Yup, you read right: whale earwax. Scientists study a lot of strange and amazing things, but that’s not one I thought I’d ever read about. Not that I’d thought about it at all.
As it turns out, whales produce earwax just like humans do. In whales, the buildup of earwax actually creates a plug in the ear canal; instead of impeding hearing, this plug acts as a hearing aid. The plug matches the density of water, allowing sound to travel through the ear canal unimpeded. Studying the layers of earwax allows scientists to learn more about a whale’s history. It reveals stress levels around mating. And, it shows exposure to pesticides and other pollutants. With advances in technology, scientists hope their whale earwax collection will open up new research possibilities. Gross. But really, really cool.
It probably comes as no surprise that many pollinators, especially bees and butterflies, are in danger due to pesticide use in agriculture, and habitat destruction and degradation. Monarch butterflies are among them. In some places the numbers have dropped by more than 80% of historical averages.
Understanding the problem is the first step to solving the problem. So, conservationists are working gather more data about the habitats that monarchs use during migration. One way they are doing this is by attaching tiny tracking devices to butterflies. Yes, you read right. These devices weigh less than a chicken feather, and, according to biologists, do not affect the flight and movement of the butterfly. Then, using an antenna and radio receiver, the butterfly can be tracked both on the ground or from an airplane. The information gathered about the monarch’s multi-generational migration not only brings awareness to the public, but can also be used to guide policy about conservation
In the meantime as spring approaches, plant a pollinator garden! Do some research to find out what kind of pollinators are in your area. Then research the types of flowers they are attracted to. Plan a garden that will bloom spring, summer, and fall then watch who visits!
Alligators may seem like an unlikely subject on a snowy March morning in Colorado when it is below zero outside. The thing is, when I’m waiting, waiting, waiting for spring to come, my mind turns to warmer climates. And lately, the alligator seems to be a recurring theme in my life.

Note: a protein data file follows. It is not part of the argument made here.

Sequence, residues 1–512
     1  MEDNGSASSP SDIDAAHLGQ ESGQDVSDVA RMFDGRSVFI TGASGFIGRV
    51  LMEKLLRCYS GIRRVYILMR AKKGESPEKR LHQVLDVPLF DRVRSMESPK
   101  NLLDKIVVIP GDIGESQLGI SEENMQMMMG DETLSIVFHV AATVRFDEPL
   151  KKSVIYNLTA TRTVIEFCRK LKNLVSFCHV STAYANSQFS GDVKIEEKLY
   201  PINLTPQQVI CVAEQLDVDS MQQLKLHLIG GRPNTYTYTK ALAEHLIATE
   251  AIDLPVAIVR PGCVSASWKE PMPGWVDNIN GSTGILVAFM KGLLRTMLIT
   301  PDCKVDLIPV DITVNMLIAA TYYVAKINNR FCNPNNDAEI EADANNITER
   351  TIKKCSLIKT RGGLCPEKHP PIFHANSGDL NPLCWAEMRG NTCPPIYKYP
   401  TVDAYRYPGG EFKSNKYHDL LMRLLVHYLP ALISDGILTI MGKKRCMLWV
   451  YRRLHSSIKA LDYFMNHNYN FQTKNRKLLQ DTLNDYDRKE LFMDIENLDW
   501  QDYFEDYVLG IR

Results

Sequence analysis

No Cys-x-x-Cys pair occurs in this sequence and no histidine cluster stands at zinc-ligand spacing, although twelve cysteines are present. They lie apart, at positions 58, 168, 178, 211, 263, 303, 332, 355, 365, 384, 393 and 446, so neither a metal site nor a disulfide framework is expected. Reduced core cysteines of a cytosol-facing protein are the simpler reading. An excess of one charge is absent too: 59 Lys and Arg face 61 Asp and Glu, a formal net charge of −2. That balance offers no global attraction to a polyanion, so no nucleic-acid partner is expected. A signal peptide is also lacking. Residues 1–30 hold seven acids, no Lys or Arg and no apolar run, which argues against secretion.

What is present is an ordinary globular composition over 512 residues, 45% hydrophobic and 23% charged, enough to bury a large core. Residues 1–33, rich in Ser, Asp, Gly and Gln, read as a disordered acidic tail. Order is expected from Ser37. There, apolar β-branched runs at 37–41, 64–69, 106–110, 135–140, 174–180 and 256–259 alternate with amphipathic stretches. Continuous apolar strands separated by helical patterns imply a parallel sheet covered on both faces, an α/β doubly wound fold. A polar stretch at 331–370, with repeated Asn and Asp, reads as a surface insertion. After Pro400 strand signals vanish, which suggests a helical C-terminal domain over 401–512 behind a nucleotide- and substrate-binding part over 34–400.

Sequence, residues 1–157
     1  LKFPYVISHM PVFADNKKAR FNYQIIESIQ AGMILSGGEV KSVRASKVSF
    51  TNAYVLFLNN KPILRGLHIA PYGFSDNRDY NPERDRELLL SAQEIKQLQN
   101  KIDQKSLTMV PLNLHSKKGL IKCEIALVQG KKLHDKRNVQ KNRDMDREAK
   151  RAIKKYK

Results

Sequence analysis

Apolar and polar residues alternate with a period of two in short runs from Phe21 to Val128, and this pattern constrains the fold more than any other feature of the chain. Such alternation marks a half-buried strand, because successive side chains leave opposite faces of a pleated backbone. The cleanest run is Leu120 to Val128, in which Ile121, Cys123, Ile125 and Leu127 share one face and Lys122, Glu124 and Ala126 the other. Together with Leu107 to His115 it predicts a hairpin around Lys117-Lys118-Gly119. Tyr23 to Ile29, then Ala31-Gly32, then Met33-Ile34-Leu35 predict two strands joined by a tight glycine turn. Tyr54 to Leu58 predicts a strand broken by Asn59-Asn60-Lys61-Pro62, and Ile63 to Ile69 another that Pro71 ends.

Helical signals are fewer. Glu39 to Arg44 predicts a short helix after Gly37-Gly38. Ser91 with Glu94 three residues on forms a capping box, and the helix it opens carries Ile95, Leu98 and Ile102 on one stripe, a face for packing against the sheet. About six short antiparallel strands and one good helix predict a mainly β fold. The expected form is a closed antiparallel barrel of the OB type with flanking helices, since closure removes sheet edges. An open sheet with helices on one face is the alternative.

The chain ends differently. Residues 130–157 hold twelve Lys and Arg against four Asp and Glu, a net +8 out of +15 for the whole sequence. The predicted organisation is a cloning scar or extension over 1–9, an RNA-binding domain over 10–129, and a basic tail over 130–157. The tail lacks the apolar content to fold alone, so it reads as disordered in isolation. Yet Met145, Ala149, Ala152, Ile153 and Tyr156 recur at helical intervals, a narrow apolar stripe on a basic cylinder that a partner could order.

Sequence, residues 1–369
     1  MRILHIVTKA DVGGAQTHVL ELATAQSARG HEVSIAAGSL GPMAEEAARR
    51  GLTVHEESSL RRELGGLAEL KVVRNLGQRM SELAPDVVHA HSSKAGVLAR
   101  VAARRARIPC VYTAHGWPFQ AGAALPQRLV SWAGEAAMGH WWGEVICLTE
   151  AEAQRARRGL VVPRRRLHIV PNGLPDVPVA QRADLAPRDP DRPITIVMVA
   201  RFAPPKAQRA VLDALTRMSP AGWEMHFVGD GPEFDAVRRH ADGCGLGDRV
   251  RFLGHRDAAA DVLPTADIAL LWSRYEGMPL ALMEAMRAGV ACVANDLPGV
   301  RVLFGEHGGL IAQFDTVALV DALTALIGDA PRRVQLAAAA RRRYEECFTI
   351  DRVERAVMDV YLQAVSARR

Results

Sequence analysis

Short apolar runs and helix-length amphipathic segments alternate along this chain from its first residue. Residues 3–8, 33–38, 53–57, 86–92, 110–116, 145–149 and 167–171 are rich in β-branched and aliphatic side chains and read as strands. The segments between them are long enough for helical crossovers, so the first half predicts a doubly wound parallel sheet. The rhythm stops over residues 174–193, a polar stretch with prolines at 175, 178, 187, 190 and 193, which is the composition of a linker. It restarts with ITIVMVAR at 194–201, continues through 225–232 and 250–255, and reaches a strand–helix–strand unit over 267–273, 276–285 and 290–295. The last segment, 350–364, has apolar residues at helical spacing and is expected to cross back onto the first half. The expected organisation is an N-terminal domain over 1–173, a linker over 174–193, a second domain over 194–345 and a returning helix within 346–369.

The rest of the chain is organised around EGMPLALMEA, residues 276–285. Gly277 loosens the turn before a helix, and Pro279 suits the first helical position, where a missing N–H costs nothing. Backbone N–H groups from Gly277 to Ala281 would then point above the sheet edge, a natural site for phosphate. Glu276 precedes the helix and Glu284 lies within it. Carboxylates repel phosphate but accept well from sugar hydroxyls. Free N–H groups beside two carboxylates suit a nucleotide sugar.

I was never a big alligator fan, but after a trip to the Everglades last year my mind was changed. The American alligator is often misunderstood as simply a fearsome, prehistoric creature or considered the source of a pair of boots. By the mid part of the 1900s, they had been hunted almost to extinction in the Everglades. Eventually they were placed on the Endangered Species List, the hunting was banned, and some of the natural hydrology of the Everglades was restored (that’s a whole other story!). Now they’ve recovered to the point where a trip to Shark Valley will reveal a landscape dotted with them.
The most interesting thing I learned about alligators though, was that they are a keystone species and ecosystem engineers. Prior to the dry season, when most of the water disappears, these creatures dig alligator holes. These holes hold water throughout the dry season and provide refuge for many other species. And without the alligator holes, these other species would not survive. Now you may think these alligator holes turn into something of a buffet for their hosts, but they don’t. Most of the other species that take refuge there make it through the season because the alligators are estivating (something akin to hibernating).